But wait, there's more! The DART Overlay not only heightens Miles’ reflexes but scrambles – frequently referred to as breaching – the outdated hardware of other syndicate employees with sadistic methods called Suicide, Backfire, and Persuade. Suicide forces soldiers to pull the pin from a grenade and detonate the explosive despite their incessant screaming – a cruel but effective instant kill. Backfire fries the circuits of an enemy’s firearm for a brief moment, halting its firing capabilities and leaving the wielder open for double damage. Instead of dispatching the target outright, Persuade compels an adversary to fight on your side until the power has expired. The victim's odds then quickly turn south as he promptly executes himself with a round to the skull.
To keep the experience balanced, Miles can only use these abilities once he builds up adrenaline from killing rival infantry, but several elements detract from Syndicate’s pacing. The breach tutorials are nothing short of intrusive. I don’t need a ten minute lesson on holding LB to hack an enemy’s chip, and no way of skipping these lengthy demonstrations exists. Likewise, the plot falters when nearing the endgame. Kilo begins his tour of duty belted to a chair, beats a guard down with his hands tied, and proceeds to exterminate every rent-a-cop soldier in his way. What ensues is a tale of friendship, betrayal, and occasional cyborg awesomeness. Well maybe not that first one, but definitely the last two. It’s disappointing to say that Syndicate’s middle act lacks the narrative drive present in the beginning and end, often forgoing any story insight in favor of guiding you from firefight to firefight against infinitely spawning grenadiers and snipers that test your patience. That’s not including the boss fights, the first of which appears unfairly scaled in the hostile agent’s favor thanks in no small part to his teleportation techniques and heat-seeking assault rifle.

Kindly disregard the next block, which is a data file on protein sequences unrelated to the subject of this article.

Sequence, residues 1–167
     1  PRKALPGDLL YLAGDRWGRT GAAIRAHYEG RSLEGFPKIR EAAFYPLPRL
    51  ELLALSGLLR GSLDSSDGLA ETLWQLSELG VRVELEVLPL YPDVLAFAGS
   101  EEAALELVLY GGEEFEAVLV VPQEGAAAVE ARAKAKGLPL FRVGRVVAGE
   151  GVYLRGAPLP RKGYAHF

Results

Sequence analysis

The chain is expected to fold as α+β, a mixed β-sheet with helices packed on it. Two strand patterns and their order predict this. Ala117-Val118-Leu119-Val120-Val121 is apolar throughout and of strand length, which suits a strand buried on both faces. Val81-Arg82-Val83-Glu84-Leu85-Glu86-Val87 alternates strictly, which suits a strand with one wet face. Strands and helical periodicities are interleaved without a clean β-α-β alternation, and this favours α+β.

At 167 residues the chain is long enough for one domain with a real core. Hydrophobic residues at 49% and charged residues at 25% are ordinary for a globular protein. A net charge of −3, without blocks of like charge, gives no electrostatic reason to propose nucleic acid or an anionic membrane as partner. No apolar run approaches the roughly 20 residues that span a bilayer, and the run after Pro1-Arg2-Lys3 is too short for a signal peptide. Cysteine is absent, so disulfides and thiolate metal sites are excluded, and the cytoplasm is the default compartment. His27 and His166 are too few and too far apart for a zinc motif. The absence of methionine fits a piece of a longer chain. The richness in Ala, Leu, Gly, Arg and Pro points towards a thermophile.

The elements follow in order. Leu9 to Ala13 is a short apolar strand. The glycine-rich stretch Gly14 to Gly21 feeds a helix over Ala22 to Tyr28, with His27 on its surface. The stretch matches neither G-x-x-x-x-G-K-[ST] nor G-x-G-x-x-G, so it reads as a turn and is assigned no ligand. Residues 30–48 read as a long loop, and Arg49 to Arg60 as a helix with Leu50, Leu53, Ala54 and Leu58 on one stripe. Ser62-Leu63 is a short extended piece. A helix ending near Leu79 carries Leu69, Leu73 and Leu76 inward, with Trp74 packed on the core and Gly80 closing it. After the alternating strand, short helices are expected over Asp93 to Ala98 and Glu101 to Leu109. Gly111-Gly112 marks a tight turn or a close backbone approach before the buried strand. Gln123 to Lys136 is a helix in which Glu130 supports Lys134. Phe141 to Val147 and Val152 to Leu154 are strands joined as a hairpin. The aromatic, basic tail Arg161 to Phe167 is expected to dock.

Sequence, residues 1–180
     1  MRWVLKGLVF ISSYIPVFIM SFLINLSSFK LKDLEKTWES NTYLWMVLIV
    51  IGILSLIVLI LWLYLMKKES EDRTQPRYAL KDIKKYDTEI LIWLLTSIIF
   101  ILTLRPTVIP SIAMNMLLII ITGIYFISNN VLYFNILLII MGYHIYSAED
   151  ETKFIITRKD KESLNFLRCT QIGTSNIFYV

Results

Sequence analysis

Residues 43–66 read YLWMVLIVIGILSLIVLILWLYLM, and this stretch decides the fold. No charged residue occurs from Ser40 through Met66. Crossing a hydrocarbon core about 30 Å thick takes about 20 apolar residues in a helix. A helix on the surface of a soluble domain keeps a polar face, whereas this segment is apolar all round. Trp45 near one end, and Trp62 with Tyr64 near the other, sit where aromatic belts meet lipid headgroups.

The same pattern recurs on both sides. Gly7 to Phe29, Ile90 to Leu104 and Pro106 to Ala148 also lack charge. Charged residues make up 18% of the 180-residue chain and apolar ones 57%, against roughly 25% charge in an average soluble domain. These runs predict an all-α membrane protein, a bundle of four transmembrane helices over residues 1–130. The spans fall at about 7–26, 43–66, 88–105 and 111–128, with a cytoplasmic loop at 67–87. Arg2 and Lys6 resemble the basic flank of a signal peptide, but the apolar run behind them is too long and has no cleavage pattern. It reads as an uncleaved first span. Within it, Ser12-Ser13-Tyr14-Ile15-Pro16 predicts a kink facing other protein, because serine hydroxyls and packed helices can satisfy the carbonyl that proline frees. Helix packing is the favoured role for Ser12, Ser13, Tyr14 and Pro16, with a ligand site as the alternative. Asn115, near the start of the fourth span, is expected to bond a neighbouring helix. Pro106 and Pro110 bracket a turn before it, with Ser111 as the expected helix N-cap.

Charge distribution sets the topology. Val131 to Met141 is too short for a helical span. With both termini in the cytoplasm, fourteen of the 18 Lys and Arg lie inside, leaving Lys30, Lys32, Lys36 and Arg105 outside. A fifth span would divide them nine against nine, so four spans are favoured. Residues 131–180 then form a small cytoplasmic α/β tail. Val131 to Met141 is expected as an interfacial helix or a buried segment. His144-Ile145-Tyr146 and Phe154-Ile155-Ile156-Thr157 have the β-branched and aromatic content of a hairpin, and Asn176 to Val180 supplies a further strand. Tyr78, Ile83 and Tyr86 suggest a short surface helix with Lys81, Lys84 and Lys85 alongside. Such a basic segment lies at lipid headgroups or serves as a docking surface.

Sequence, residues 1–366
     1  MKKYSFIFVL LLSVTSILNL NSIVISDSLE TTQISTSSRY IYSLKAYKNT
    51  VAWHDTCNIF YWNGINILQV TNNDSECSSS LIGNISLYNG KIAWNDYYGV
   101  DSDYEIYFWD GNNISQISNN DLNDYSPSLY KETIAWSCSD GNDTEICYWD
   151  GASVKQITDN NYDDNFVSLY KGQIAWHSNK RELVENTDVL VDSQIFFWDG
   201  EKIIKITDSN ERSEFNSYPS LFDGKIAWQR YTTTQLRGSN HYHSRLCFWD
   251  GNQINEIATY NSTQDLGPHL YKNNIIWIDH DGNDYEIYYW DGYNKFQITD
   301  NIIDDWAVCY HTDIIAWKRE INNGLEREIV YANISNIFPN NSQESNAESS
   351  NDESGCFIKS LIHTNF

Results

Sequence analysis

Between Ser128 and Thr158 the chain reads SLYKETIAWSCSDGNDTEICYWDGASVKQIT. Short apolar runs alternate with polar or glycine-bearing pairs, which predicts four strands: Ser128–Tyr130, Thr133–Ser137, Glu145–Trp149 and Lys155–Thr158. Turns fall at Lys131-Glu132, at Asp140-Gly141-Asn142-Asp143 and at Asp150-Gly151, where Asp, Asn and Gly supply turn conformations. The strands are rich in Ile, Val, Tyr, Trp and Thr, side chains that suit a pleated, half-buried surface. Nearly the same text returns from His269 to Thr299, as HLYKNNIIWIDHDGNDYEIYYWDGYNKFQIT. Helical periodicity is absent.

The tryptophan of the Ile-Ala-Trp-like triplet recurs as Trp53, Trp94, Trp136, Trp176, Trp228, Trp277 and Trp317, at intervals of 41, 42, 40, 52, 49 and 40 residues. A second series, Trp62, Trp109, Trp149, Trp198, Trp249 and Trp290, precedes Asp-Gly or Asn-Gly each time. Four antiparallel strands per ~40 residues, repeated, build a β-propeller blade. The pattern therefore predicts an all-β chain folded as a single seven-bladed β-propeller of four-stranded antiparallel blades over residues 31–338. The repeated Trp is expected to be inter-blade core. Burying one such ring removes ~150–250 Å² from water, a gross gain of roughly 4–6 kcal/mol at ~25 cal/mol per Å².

There are plenty of dismembered appendages to satiate one's bloody fantasies.